bosnia report
New Series No: 42 October - December 2004
Up in the air, in danger of falling
by Beqë Cufaj

Five years of UN administration are enough. The status of Kosova must finally be cleared up.


Today Kosova elects a new parliament, for the second time since Slobodan Milosevic's Serbian military units were driven out of this country of two million people. NATO's intervention five years ago deeply moved Europe and the whole world, but following the 11 September [2001] attacks Kosova has receded from the focus of attention. Had it not been for the March riots this year, when fanatic youths torched Serb houses and churches and threw stones at those whom they had greeted as liberators just five years ago, Kosova would have been entirely forgotten in the meantime. Yet, in the public discussion prompted in Germany by these uncontrolled, but at the same time organized outbreaks of violence, the talk was more about the role played by the German troops in Prizren than about the situation in Kosova and what lies behind it.

Until the events in March, the UN as well as the German government had neglected to pay attention to the [UN] Mission and to the corrupt doings of some of its subordinate units. It took the critical report by the Norwegian diplomat Kai Eide before notice was finally taken of what was going on. At the same time, it's not only the United Nations administration (UNMiK) that is responsible for these abuses. Let us recall that the German government has dispatched people to the Balkans whom it had previously discarded from its own ranks, like for example the former chief coordinator for the Stability Pact, Bodo Hombach. His mission was judged a failure; in the meantime, even the residents of the Balkans are making fun of his misadventures. Who still remembers that, at the G-7 meeting in July 1999, Chancellor Schröder and foreign minister Fischer announced a ‘Marshall Plan’ for the Balkans? Nothing more has come of it other than the appointment of a successor to Hombach, the Austrian Busek. While the latter was well informed about the conditions and enjoyed higher regard than Hombach, yet he too brought little for the Balkan residents, other than interviews and communiqués. Schröder's next man was the former chief advisor Michael Steiner, who had been dumped from the government. In his year and a half as chief of mission for the UN in Kosova he did more harm than good with his excessive energy, which one could also characterise as arrogance. His project of ‘standards before status’ has meanwhile suffered a merciless trimming at the hands of Secretary-General Kofi Annan's office. Of Steiner's eight standards only one remains, the one that is self-evident: that normal conditions of life should also make it possible for the Serbs in Kosova to move about freely and in safety. Schröder's third emissary finally passed over the Balkans altogether and flew on in the direction of Turkey: the EU enlargement commissioner, Günter Verheugen. He did not even give the Balkan residents a glimmering of a hope that they could ever become a member of the EU. At the same time EU special envoy Javier Solana is trying to keep alive the artificially created [state union of] Serbia and Montenegro. In this he has nothing to rely on but formulaic expressions, since the two republics have different currencies, customs, and police. Solana's project, which envisions the possible creation of an asymmetric federation between Serbia, Montenegro and Kosova, is simply unrealistic.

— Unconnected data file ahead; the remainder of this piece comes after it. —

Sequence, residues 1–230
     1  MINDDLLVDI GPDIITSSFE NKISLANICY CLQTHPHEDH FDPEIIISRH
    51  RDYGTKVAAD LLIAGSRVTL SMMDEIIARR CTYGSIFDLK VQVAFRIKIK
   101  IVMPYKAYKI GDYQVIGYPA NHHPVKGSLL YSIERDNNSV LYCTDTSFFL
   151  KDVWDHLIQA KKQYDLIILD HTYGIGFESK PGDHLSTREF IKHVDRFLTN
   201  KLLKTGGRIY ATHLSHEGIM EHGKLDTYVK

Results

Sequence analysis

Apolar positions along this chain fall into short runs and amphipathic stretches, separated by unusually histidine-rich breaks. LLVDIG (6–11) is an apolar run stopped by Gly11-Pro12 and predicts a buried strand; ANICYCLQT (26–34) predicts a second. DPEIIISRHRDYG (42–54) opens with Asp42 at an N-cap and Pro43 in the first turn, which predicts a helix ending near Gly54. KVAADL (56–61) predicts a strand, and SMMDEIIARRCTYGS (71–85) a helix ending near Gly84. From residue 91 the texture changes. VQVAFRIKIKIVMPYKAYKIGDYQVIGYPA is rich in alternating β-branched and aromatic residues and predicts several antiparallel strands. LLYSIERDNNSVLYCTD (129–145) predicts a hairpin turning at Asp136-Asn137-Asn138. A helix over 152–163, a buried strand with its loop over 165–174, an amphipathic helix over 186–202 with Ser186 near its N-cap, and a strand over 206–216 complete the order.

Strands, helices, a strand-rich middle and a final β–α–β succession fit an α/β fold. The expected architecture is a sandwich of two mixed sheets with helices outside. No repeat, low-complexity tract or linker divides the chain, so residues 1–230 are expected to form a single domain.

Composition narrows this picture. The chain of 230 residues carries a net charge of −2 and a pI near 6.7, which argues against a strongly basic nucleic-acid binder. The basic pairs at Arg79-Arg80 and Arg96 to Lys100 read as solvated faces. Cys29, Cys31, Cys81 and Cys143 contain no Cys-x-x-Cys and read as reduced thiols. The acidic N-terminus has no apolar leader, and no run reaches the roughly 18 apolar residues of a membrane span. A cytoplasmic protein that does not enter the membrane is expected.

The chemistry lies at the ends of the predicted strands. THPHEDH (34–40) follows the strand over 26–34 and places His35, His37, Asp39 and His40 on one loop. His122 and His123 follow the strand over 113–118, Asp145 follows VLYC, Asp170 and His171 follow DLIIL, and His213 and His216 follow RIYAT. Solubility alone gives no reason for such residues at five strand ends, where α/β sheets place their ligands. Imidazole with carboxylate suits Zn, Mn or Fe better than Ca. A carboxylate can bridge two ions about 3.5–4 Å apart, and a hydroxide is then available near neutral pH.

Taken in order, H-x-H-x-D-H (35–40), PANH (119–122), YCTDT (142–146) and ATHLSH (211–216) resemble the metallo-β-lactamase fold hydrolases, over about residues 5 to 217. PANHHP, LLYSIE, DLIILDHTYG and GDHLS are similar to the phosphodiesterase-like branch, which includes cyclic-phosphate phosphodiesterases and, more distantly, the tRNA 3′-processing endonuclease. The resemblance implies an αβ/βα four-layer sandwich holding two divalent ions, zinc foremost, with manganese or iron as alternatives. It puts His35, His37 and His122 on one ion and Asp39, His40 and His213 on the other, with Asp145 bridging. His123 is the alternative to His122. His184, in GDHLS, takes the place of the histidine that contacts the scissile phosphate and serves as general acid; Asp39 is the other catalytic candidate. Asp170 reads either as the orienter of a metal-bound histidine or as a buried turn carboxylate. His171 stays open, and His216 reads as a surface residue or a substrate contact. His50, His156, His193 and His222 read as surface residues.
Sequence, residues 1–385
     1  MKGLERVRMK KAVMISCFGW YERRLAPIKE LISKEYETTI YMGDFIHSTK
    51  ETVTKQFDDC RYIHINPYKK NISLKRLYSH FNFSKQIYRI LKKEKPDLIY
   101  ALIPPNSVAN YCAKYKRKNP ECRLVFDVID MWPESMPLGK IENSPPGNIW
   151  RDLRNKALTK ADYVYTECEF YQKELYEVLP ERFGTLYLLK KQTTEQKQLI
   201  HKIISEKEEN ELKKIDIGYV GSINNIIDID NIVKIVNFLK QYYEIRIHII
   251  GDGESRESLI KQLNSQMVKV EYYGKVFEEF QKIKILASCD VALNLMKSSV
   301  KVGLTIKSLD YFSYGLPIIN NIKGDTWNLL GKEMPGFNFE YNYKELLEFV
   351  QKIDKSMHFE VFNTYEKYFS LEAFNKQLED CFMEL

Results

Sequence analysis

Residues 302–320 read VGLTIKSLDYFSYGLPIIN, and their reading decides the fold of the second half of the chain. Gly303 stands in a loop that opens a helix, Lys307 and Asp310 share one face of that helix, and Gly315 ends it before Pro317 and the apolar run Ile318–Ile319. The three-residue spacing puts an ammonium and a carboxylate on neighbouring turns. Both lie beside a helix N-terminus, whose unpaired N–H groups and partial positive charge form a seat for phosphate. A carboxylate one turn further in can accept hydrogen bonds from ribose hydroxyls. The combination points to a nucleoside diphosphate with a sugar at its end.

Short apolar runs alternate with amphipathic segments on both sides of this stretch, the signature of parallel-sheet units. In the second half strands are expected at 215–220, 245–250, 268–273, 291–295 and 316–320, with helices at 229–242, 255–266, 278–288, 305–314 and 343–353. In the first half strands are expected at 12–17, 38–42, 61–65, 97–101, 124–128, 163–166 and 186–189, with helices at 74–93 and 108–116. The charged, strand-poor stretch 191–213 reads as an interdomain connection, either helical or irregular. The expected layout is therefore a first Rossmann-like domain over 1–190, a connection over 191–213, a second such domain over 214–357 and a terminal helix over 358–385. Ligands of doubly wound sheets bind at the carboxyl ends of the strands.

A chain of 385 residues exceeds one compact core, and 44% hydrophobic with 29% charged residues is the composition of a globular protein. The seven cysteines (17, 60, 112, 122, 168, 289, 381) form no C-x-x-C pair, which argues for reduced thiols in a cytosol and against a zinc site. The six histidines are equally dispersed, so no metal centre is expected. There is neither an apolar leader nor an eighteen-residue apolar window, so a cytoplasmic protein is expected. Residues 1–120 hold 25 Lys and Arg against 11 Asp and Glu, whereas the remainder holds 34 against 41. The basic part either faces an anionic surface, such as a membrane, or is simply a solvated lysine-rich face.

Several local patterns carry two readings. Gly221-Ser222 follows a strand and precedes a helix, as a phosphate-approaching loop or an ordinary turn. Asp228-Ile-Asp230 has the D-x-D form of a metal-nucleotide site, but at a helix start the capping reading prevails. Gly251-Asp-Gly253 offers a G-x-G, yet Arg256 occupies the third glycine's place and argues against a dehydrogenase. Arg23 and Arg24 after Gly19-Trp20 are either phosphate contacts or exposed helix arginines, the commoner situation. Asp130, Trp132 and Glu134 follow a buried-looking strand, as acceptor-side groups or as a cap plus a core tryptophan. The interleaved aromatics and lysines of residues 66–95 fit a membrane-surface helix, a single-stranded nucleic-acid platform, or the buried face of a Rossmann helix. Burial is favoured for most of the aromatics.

Without Washington, and consultation with the Kosovar population which supports separation under any circumstances, there can be no lasting peace in the Balkans. In half a year negotiations are to begin about the final status of Kosova. At that point all Kosovar parties - regardless of which among them wins the coming elections - will be in the grip of the urgent desire to ‘write history’ and to reach a ‘historic solution’ for their country. Even though it is really about something entirely different. Kosova today is the poorest place in Europe; it has the highest unemployment rate on the continent and at the same time also its highest birth rate. That is why the United Nations, Brussels and Washington cannot afford to take as their starting point either their own visions or the historical dreams of Kosova's politicians. The West should simply make the position clear. Most important, in my view, would be to give a clear signal that there can be no return of the Serbian state authorities to Kosova. There is no other way: the West must signal to the Kosovars that they will get independence, though of course under strict control and guidance and subject to certain firm conditions. The very first of these has to be that the rights of the minorities will be protected - above all, those of the Serbs who live in Kosova. In addition, corruption within the various institutions must be fought, the pre-democratic conditions in public life must be brought to an end, and at last jobs must be created. And with that, we are once again back to the status of Kosova: as long as this is not cleared up, no investors are going to come. That alone is reason enough to put an end to a situation in which it is up in the air.

This article was translated from the Albanian by Drita Zumberi, then from the latter’s German by András Riedlmayer. It appeared in Die Welt, 23 October 2004. Beqë Cufaj (33) was born in Kosova and is an author who has lived in Germanyfor the past six years. His novel The Gleam of the Foreign will be published in German next spring by Zsolnay-Verlag.



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